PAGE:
Make Inconvenience as Convenient as Possible

An online submission or queue could streamline the returns process. Whether through the OEM or the retailer, the end-user could create an “Intent to Return Item” form and submit it to the proper recipient. The form could be included in the item box (similar to the way online retailers provide return shipping labels to provide hassle-free returns to the consumer), or it could be done through the OEM or retailer website.

This could be done easily at home, and the form could prompt the customer for detailed information regarding the item. Instead of standing around in the store waiting in a return line or loitering while filling out forms, the same information can be gathered with less inconvenience to the customer. Similar to the follow-up survey, the consumer will be more likely to delve into detail on why the item is being returned, which will in turn provide the OEM with the necessary information to lessen the resources spent on fault diagnosis.


An even more innovative, tech-savvy solution might incorporate entertainment for the customer to lessen the perceived annoyance with the process. Alternately, rewarding the customer for their input in the form of a discount, coupon code, or gift card can incentivize the process without costing exorbitant amounts of money for the OEM or retailer.

So what is it about this reverse logistics component that is such a nightmare? Solutions to this problem are being created, tested, and implemented in industries and individual businesses around the globe, and the difficulty really rears its ugly head in the form of something rather beautiful: uniqueness. Because each industry – and, indeed, each individual business within those industries – is its own unique entity, it’s not easy to choose the right path for large-scale optimization. An optimal (and tentative, and very general) plan may be laid out by the industry as a whole, but must be infinitely tweaked to perform optimally at the individual level.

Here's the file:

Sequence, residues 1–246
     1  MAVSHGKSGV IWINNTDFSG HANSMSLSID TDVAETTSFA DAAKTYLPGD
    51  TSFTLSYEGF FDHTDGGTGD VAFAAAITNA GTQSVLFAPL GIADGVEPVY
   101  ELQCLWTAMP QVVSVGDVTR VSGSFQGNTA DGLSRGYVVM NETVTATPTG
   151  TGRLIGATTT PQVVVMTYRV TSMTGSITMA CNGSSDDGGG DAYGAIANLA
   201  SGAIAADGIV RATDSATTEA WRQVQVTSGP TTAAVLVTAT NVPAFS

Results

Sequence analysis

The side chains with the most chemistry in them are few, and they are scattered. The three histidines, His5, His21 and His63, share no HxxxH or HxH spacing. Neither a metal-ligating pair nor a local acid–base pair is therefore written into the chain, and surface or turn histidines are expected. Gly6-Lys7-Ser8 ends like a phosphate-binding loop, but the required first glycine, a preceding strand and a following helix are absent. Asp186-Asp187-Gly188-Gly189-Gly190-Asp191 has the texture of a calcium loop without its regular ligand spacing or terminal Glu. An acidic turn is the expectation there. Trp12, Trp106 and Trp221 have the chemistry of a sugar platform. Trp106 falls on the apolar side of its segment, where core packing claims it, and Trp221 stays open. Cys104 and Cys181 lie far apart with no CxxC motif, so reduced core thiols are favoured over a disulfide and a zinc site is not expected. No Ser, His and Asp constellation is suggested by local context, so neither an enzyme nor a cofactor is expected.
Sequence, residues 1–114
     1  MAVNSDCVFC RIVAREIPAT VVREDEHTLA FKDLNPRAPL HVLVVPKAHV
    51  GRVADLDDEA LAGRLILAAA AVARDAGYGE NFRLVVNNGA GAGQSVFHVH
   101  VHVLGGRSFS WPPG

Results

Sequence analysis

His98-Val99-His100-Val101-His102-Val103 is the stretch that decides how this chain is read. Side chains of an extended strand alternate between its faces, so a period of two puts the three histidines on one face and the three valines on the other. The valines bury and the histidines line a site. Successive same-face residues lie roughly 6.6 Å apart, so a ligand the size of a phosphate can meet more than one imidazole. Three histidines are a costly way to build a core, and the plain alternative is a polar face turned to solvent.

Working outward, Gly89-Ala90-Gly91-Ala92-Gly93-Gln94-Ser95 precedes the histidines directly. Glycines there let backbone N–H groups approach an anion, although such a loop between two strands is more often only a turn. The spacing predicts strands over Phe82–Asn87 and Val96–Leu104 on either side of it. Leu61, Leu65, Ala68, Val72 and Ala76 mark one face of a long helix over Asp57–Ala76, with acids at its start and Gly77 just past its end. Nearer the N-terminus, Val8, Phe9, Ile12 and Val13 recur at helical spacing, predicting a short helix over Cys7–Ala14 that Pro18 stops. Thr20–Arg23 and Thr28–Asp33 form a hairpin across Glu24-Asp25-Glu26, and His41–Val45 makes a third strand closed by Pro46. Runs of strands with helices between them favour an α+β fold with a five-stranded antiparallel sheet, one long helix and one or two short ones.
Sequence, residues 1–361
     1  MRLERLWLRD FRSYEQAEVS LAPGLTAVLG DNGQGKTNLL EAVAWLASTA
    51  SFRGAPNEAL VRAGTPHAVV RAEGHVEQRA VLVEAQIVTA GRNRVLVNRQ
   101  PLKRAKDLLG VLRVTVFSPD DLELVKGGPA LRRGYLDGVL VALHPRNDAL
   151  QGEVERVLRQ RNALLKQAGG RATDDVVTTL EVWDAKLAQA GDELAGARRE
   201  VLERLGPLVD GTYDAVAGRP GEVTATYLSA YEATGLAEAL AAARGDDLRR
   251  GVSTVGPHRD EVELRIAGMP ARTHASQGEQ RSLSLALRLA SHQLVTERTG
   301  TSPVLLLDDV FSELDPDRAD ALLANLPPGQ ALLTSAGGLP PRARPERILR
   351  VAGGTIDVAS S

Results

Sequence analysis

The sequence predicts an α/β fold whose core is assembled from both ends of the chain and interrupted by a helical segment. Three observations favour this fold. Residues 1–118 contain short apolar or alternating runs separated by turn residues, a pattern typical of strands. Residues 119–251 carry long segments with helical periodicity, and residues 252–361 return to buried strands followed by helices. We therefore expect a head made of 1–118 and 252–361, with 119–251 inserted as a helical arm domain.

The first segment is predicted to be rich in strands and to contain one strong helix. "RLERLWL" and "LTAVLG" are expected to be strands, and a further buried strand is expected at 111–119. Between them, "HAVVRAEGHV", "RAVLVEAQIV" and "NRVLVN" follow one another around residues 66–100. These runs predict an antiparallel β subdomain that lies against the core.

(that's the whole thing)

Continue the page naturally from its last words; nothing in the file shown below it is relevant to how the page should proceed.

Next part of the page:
The first step may even be to screen end-users and retailers – do consumers want retailers to implement procedures to improve the returns process? Do retailers want to test new ways to optimize the process? If so, spend time training personnel to limit the time it takes to troubleshoot problems or even to assess damage to returned items. Even if nothing can be done on the retailer/consumer end of things, there are pathways that can be taken by the OEM to reduce the impact of the reverse logistics pathway.

Reduce Processing Time